the hmg looks interesting, but i haven't seen any indication that it's been adopted by the mountaineering community like the cilo's, ccw's or wild thing packs.

Paul Hope
(PaulHope) - F
Re: i keep reposting this on 12/18/2011 13:50:00 MST Print View

Nice list Richard and not too dissimilar to my own. I think this is what Brian and I were touching on, that you really don't need such a huge pack, even for 4 day trips if you have your gear dialed in.

How do you like your Cilogear 40? Any gripes?

I was looking at handing down my Valdez to my brother in law and was contemplating picking up either another Valdez or spending the extra $100 for 40L Worksack in the New Year-- any thoughts or would you go with something else entirely now that your the the 40L WS?

Richard Fischel
paul - someday when i need to replace the 40l it will be on 12/18/2011 20:04:16 MST Print View

with a 45l. when i got the 40l i was transitioning from a bigger pack with lots of pockets. i was a little reluctant to go with a pack as spartan as the cilogear worksack so i went with the 40l that has the zipper in the pack body. the zipper gives you limited access into the pack and my reptilian brain thought this was important. going with this option also eliminated the internal compression strap. i quickly came to the realization that i did not need the zipper (i think i've used it twice) and that my packing style adapted to best utilize and take advantage of what the 40l had to offer (like no stuff sack for the sleeping bag and other items that can fill space). the 45l uses slightly lighter material than the 40l or 40b (40b, no zipper) is a little more stripped-out (no crampon pocket) and has slightly more volume. my suggestion is to give graham a call at cilogear and he can walk you through the best options. he's not shy in helping you to pick a pack and he loves to talk.

i'm a big fan of everything wild things (as you can tell from my gear list) and would love to own their guide pack which is near perfect for me, but i'm getting older and as the pack size and weight carrying increases i need the frame-sheet and aluminum stay that cilo incorporates. i just can't/don't want to hump a fully loaded alpine pack that only has a folded bivy-pad for a suspension. i've spent an hour or two tweaking the bend in the frame-sheet and adjusting the waist belt up-and-down and it's now a custom pack that's fit to me. for slightly more weight than a wild things or ccw pack the carry is much more comfortable. that being said, when i need to i can strip the worksack down to its lean and mean bare-bones and have a fully functional pack that weighs under 2 lbs.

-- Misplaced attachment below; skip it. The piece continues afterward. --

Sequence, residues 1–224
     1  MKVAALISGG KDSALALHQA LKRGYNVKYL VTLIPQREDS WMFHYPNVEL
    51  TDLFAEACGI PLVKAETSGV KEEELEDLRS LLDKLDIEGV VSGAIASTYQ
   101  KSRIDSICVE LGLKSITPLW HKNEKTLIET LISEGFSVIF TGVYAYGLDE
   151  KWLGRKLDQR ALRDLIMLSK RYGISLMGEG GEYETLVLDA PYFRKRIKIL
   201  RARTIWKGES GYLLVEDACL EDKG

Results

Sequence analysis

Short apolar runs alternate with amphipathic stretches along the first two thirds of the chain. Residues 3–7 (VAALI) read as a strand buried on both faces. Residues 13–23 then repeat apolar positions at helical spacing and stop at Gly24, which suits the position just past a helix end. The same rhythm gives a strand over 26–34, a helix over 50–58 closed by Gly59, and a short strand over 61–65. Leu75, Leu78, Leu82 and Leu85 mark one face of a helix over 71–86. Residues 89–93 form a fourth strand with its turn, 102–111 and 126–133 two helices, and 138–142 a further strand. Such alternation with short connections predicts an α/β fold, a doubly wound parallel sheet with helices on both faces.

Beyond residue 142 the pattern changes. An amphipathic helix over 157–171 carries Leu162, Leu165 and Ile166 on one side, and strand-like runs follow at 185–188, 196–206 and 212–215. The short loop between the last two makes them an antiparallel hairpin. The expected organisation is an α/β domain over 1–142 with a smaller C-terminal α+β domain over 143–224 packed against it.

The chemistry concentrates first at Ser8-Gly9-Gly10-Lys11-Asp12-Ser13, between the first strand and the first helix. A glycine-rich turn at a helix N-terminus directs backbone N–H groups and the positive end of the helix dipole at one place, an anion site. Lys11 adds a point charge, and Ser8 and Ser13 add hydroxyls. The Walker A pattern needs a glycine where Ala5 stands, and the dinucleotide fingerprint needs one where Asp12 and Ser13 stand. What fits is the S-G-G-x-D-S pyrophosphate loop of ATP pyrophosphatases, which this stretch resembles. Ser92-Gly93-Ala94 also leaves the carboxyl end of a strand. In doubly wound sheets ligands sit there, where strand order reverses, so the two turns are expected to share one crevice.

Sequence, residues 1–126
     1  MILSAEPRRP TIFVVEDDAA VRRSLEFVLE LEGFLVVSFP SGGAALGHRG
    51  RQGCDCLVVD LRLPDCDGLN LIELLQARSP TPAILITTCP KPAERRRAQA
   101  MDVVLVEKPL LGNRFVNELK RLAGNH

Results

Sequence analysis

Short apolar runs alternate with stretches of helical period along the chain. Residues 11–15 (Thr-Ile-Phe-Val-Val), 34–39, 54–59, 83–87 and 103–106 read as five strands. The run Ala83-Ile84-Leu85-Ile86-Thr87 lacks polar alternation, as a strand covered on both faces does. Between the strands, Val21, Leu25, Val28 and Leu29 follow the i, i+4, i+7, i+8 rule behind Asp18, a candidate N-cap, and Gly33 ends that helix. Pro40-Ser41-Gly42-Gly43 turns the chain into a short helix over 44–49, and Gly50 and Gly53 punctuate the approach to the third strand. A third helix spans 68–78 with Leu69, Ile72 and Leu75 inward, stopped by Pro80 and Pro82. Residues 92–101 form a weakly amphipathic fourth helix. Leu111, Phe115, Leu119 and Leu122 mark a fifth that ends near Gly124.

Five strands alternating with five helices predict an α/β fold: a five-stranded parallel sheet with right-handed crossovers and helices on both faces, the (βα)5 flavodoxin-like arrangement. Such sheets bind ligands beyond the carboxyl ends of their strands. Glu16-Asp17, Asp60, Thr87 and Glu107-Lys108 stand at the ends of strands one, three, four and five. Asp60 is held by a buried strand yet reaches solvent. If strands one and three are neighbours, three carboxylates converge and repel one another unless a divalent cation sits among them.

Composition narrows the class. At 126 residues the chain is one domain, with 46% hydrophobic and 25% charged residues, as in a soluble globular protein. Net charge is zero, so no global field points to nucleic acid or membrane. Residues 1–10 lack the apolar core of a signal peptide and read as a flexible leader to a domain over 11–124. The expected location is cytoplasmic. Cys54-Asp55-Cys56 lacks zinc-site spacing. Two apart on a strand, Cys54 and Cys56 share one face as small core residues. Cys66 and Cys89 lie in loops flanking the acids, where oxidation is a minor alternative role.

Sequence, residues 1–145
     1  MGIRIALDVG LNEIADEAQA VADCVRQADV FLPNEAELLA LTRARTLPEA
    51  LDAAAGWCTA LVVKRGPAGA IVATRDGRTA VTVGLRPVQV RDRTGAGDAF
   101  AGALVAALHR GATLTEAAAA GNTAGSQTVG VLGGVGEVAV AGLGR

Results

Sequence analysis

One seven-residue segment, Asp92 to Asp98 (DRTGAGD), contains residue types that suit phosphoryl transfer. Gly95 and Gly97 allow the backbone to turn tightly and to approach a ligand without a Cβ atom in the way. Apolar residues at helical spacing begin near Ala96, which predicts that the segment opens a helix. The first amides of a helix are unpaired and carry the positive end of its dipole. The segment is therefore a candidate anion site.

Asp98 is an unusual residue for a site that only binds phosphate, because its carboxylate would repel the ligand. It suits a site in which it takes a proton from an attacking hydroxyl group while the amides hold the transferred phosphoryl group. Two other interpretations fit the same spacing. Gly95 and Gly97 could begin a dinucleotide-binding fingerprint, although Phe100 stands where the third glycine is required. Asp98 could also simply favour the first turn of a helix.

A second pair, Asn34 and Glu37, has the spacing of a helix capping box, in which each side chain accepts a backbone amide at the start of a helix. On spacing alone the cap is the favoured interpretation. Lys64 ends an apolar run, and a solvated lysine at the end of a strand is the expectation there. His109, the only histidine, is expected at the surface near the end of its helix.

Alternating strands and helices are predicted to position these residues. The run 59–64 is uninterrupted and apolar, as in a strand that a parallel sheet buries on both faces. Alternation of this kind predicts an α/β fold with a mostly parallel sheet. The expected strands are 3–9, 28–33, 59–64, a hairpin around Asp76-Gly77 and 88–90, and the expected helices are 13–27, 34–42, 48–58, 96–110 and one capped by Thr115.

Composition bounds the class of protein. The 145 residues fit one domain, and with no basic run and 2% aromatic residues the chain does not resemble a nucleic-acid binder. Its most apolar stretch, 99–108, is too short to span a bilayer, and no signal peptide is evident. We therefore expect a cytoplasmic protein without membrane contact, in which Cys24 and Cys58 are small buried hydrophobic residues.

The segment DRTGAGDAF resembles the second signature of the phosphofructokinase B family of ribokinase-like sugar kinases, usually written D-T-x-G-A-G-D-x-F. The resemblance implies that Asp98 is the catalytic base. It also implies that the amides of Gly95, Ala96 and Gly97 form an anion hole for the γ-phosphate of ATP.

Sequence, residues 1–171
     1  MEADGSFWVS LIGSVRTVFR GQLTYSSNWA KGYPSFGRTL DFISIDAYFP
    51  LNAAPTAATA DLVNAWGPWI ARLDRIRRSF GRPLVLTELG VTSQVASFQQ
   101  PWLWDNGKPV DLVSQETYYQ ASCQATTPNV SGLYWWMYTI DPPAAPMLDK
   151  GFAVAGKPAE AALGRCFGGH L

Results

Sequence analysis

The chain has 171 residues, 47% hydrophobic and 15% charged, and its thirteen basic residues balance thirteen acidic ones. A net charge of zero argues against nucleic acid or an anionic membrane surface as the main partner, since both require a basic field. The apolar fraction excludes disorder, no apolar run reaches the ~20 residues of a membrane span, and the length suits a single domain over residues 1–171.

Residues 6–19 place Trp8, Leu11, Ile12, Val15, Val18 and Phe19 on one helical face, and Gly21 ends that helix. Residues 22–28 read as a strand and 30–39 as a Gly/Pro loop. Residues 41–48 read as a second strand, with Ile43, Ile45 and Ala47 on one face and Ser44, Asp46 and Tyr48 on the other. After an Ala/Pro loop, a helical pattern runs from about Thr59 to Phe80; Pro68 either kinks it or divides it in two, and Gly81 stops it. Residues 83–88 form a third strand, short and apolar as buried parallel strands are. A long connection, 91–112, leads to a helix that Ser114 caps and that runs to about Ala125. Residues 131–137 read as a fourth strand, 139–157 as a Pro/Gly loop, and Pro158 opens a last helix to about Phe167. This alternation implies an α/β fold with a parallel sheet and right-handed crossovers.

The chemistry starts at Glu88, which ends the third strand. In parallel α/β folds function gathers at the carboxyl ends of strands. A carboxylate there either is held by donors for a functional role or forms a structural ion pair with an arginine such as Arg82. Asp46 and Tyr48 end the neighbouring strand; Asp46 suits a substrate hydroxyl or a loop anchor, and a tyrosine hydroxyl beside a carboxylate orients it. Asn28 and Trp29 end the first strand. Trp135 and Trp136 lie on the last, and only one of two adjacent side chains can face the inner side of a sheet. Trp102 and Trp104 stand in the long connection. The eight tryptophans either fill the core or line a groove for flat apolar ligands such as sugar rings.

now if i can only figure out how to become a cilogear sponsored athlete cause i truly jones for the white-stuff graham is pushing (insert wink here).

Daniel Yaris
(danielY) - F

Locale: PNW
Re: Re: "Minimalist" on 02/06/2012 22:55:57 MST Print View

I second either east coast CCW or west coast cilogear! Good old made in USA packs

I own the CCW valdez, chernoble, and choas

and the cilo 30L, 40B NWD, and 60L

I got to meet the owner of cilo as they made my 30l pack.

I would get a 40L pack I have used a 30l for over night mountaineering stuff such as MT jefferson and the 40B NWD for 3 day stuff on Mt rainier. I think I would only need more for a really long trip. I love my NWD pack though! I got a good deal on it though. I have to say though that I love my 30L pack and plan on using it for summer Rainier climbs. I get lighter every trip

Sieto van der Heide

Locale: The Netherlands
MLD Super Exodus on 02/28/2012 15:03:17 MST Print View

While MLD isn't known for it's pack to be used mountaineering, I've been using the MLD Super Exodus for almost 2 year for that. MLD doesn't offer the 'Super' version any more on the website, but maybe they can still make one. The Super differs from the regular in that it's made completely from Dyneema X (no mesh). This makes the pack very durable.
My modified version (I made a light frame for it) weighs 850 grams / 30 oz, and can carry 15 kg / 33 lbs in relative comfort. I've used it for overnight mountaineering trips, carrying a mountaineering gear, cooking gear, a -20c / -5 f sleepingbag etc.

whitenoise .
(whitenoise) - F
Cilogear on 03/15/2012 22:24:27 MDT Print View

I also have a Cilogear 30L and 45L. Truly amazing minimalist yet durable packs. For lightweight multiday mountaineering, you should be able to fit everything in a 40-45L Cilo. Extension collar adds 20 liters, plus you have the lid. Trying to get things down so I can fit it all in my 30L, but it may take a bit of effort. :)

rOg w
(rOg_w) - F

Locale: rogwilmers.wordpress
deleted on 03/16/2012 06:46:41 MDT Print View


Edited by rOg_w on 05/28/2012 17:43:14 MDT.

eric chan
(bearbreeder) - F
Re: Arc'Teryx Nozone 35 on 03/16/2012 12:03:23 MDT Print View

I looked at the nozones at mec, would have been more impressed if the 35 had a full hipbelt instead of just a webbing one

Matt Allen
(zeroforhire) - MLife
Cilo on 03/30/2012 10:32:30 MDT Print View

+1 for Cilogear. The 60l can do everything well. Expands to around 90L for expeditions and compresses to somewhere aroud 35l for peak bagging.

I also have a pod sac black ice. Similar to the cilo, but looks to be a little more durable.

Ryan S

Locale: Mid Atlantic
CiloGear on 04/23/2012 15:59:47 MDT Print View